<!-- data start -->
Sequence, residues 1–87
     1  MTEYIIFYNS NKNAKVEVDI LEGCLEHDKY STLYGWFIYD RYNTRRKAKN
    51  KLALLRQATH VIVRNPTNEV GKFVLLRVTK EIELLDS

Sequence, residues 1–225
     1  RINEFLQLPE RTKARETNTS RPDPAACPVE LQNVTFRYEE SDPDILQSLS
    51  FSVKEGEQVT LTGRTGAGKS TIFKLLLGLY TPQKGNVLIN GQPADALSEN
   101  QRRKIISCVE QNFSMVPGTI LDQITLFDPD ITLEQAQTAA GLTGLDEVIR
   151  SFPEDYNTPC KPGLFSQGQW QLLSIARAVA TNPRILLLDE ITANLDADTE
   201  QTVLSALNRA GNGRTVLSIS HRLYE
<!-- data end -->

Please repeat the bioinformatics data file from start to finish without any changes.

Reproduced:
Sequence, residues 1–87
     1  MTEYIIFYNS NKNAKVEVDI LEGCLEHDKY STLYGWFIYD RYNTRRKAKN
    51  KLALLRQATH VIVRNPTNEV GKFVLLRVTK EIELLDS

Sequence, residues 1–225
     1  RINEFLQLPE RTKARETNTS RPDPAACPVE LQNVTFRYEE SDPDILQSLS
    51  FSVKEGEQVT LTGRTGAGKS TIFKLLLGLY TPQKGNVLIN GQPADALSEN
   101  QRRKIISCVE QNFSMVPGTI LDQITLFDPD ITLEQAQTAA GLTGLDEVIR
   151  SFPEDYNTPC KPGLFSQGQW QLLSIARAVA TNPRILLLDE ITANLDADTE
   201  QTVLSALNRA GNGRTVLSIS HRLYE